As children become teenagers, parents are often on the lookout for signs of unhealthy or toxic relationships in their teen's life.
In honor of Teen Dating Violence Awareness and Prevention Month, Wedgwood Christian Services is offering tips for parents and teens on recognizing red flags and encouraging healthy relationships.
According to the National Domestic Violence Hotline, one in three teens report experiencing dating violence and 43% of college students report experiencing violent or abusive behaviors in relationships—horrific statistics.
For over 20 years, Wedgwood's Positive Youth Development (PYD) team has been providing programming for students to help them recognize and develop healthy relationships. Through grant and donor-funded programs, Wedgwood's PYD educates 5th – 12th grade students on topics such as good and bad friendships, healthy relationships, consent, break-ups, and what to do if you are in a toxic or unhealthy relationship.
"An important reminder we tell our students is that healthy relationships take time to build," said Gina Boscarino, Group Specialist for Wedgwood's PYD and Teen CHARGE. "Knowing what is normal, and what is not, empowers youth to make smarter choices when it comes to friends, social situations and romantic relationships."
According to love is respect, common types of abuse include physical, emotional, verbal, sexual, financial, digital, and stalking. There are several signs which could indicate that a teen is an unhealthy relationship and could be experiencing dating violence:
- An uneven distribution of power or control, one partner having greater control over the other, due to things such as age, popularity, or physical size.
- A pattern or continued use of controlling behavior by one partner over the other.
- Isolating from friends and family, intimidation, coercion and threats, and emotional abuse.
- An insistence on wanting to get physical too fast or emotionally intimate right away.
Cell phones and social media also play a big role in dating violence for teens.
"Sexting is unfortunately quite common. These messages can be used to manipulate, intimidate, or shame someone," said Boscarino. "We also notice that social media increases levels of mistrust, which in unhealthy relationships can mean demanding to go through or have access to a partners phone or social media accounts. Kids don't realize they can say no and are entitled to their privacy—even within a romantic relationship."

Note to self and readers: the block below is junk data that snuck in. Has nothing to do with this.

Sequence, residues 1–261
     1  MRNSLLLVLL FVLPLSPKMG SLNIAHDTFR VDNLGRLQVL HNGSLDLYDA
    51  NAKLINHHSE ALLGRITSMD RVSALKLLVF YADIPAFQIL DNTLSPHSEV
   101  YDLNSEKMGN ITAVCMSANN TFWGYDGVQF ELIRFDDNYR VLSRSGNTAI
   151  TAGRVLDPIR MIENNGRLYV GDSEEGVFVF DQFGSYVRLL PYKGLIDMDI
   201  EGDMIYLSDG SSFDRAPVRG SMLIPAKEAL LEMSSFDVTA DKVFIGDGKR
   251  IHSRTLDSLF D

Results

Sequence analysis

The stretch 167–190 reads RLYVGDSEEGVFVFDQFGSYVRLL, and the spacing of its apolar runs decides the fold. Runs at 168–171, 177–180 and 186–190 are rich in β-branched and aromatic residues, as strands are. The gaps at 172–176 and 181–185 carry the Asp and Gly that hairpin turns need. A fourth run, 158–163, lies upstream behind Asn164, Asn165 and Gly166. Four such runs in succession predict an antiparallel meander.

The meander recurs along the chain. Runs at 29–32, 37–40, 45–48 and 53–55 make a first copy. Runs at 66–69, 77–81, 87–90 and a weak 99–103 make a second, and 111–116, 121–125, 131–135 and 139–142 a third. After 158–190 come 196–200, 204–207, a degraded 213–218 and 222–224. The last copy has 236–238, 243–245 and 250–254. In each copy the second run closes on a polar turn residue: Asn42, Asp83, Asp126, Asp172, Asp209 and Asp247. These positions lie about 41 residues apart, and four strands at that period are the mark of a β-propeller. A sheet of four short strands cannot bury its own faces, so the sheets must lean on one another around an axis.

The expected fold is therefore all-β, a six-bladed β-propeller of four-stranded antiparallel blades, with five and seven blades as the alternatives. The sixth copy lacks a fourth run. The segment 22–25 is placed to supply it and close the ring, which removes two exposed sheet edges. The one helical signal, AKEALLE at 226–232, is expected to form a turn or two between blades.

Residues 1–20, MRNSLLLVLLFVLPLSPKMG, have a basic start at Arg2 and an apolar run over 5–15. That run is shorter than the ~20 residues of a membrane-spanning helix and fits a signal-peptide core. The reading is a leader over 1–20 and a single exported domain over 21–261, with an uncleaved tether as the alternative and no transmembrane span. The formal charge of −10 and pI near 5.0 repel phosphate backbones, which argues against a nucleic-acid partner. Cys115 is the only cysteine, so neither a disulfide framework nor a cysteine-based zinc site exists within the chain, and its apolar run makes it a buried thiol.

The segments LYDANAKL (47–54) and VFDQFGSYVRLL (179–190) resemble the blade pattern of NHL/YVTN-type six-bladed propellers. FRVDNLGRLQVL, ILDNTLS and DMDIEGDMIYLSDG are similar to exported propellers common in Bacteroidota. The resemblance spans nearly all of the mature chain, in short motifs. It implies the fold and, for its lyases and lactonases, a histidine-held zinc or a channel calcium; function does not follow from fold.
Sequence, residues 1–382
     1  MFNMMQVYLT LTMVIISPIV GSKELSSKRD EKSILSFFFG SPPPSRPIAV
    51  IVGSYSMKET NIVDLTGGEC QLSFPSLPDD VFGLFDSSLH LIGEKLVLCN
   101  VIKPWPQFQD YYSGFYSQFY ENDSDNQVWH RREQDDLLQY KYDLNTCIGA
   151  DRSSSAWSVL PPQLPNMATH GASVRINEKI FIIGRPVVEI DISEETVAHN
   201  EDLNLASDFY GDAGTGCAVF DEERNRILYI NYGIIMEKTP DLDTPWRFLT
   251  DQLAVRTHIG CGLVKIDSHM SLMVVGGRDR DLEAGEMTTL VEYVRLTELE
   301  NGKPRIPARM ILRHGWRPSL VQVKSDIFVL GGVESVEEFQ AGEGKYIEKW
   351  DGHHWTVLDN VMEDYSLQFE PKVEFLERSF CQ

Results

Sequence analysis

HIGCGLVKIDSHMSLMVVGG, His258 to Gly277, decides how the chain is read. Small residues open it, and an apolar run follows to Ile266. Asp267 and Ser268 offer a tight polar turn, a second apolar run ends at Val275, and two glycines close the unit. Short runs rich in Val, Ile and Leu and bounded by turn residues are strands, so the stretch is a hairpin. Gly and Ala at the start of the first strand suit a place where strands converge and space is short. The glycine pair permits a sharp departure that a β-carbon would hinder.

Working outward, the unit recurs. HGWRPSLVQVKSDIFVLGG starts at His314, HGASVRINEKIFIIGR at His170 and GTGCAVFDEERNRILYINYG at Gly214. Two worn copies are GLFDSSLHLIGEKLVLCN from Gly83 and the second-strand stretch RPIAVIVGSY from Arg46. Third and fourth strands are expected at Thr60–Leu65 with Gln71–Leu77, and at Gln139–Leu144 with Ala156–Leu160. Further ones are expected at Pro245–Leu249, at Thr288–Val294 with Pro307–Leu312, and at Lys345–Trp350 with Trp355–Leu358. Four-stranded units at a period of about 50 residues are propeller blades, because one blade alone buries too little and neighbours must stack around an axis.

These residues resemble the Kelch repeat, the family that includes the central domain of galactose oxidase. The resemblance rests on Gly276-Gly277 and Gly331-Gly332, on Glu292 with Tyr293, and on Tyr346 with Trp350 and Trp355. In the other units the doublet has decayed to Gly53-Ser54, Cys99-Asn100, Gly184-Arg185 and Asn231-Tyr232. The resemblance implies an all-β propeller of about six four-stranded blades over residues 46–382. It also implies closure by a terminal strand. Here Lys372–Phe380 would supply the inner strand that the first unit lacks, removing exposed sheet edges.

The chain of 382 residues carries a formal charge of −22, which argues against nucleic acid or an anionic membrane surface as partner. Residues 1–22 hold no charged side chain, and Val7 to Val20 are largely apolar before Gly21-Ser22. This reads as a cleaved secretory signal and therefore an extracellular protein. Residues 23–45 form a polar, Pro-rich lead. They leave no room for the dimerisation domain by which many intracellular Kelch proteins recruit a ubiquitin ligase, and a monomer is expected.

Parents can also keep communication lines open with kids, supervise and set clear boundaries for things like social media presence, and when and where kids can hang out with friends or romantic partners, and remind kids of their "Relationship Rights"—like the right to be treated with respect and to say "no" at any time.
"A great way to start conversations about healthy relationships is to talk about the relationships teens see portrayed in their favorite shows or movies," said Boscarino. "There are lots of examples of healthy and unhealthy relationships—ask kids what they are noticing about the relationships."
The pandemic has also undoubtedly added a new set of obstacles.
"The challenges of isolation, stress, and financial strain being faced by survivors during this pandemic also extends to teens young adults, and we anticipate there will be long-term effects on their health and safety," said Angela Lee, Director of love is respect. "Teen Dating Violence Awareness Month offers a significant opportunity to create awareness around abuse, particularly during a time that is acutely challenging for survivors."
If there is concern about a relationship, teens should reach out to a safe adult—like a parent, teacher or mentor. Parents can reach out to network180 for emergency help.
Wedgwood offers help for teens and families through prevention programing and counseling services. To learn more, email [email protected].
Written by Sarah Suydam, Managing Editor for West Michigan Woman.